A study with individuals vaccinated with the AstraZeneca/Oxford vaccine shows that its efficacy against asymptomatic infection was lower for the B1.1.7 variant (30%) as compared to the original variant (70%).
The rare cases of thromboses seen in recipients that received the AstraZeneca shot may be associated with the vaccine, according to German researchers. This rare side effect may be due to antibodies binding to platelets and activating them, similar to heparin-induced thrombocytopenia.
As many experts point out, it is important to further investigate these cases in order to identify people at risk. Meanwhile, a panel of experts in the UK has published guidance on how to detect and treat the rare possible thrombotic effects of the AZ vaccine.
600 million doses and a wide gap
More than 66o million vaccine doses have been administered worldwide, but there is already a wide gap between countries: 86% of shots have been administered in high and upper-middle income countries and only 0.1% in low-income countries. Covax has shipped 33 million doses to 70 countries (barely 6% of the total doses administered worldwide).
[Evidence published between 24/03/2021 and 30/03/2021]
No spitting, please
A study analysing human salivary glands and gingiva shows that the mouth is an important site for SARS-CoV-2 infection and points to saliva as a route of viral transmission. The amount of virus in saliva correlated with COVID-19 symptoms, including taste loss. Notably, saliva from asymptomatic individuals was also capable of infecting cells in the laboratory.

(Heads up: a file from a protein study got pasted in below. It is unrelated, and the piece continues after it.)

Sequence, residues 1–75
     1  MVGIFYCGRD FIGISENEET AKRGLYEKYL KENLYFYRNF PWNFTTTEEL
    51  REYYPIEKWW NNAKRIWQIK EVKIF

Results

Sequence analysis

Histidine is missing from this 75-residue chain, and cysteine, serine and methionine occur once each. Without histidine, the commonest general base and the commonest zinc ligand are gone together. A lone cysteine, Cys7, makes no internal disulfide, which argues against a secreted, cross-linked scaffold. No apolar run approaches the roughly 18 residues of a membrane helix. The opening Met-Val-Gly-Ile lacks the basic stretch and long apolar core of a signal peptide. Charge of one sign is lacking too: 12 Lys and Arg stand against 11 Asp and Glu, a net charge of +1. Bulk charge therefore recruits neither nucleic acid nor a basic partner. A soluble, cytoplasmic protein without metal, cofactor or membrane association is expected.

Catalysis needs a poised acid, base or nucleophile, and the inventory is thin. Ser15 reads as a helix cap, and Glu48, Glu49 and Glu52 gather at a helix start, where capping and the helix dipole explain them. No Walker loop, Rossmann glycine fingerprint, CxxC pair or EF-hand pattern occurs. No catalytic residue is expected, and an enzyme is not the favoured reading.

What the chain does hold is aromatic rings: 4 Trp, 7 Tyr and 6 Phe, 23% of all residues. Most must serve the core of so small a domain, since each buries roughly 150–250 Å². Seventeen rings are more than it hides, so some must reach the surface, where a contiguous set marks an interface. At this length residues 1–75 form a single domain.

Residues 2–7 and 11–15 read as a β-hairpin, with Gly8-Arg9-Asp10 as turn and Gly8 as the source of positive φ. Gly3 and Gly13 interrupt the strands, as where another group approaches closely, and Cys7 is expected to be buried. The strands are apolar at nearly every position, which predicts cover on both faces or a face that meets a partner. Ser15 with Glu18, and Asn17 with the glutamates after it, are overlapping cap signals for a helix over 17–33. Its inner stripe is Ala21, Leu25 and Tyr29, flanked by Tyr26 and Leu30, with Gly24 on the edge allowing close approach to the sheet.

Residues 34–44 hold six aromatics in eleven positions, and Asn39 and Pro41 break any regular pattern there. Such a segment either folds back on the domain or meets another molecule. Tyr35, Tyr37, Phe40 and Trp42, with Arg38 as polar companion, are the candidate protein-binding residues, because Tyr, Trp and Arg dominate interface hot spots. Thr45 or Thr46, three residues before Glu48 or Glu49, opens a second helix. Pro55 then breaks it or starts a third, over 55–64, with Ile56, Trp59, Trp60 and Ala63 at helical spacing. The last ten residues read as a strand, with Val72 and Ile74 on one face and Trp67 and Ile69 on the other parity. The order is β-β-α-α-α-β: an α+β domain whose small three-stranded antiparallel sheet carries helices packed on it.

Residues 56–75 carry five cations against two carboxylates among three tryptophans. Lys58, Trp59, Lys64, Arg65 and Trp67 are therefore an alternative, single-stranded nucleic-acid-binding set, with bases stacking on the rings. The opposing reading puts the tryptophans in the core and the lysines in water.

Digging deeper into Long Covid
A series of studies posted this week (not yet peer-reviewed) provide more information on Long Covid. Two Follow-up studies of COVID-19 patients after being discharged from the hospital in the UK show that, 5 to 7 months later, between 55 and 70% of them had not fully recovered. Being female, middle-age and of white ethnicity were associated with failure to recover.
The most common symptoms of Long Covid were fatigue (79.0%), headache (55.3%), shortness of breath (55.3%), difficulty concentrating (53.6%), cough (49.0%), changed sense of taste (44.9%), diarrhoea (43.9%), and muscle or body aches (43.5%). According to a social media survey, cognitive dysfunction and palpitations became more prevalent later in the illness. Many of these symptoms seem to “come and go”, as in waves.
Vaccines boost natural immunity, even against variants
Sera from recovered individuals neutralize the original variant and, to some degree the B1.351 variant (first identified in South Africa). However, a single dose of mRNA boosted the titers of neutralizing antibodies against all variants, and even against SARS-CoV-1, by up to 1000-fold.
Early evidence that vaccines also prevent infections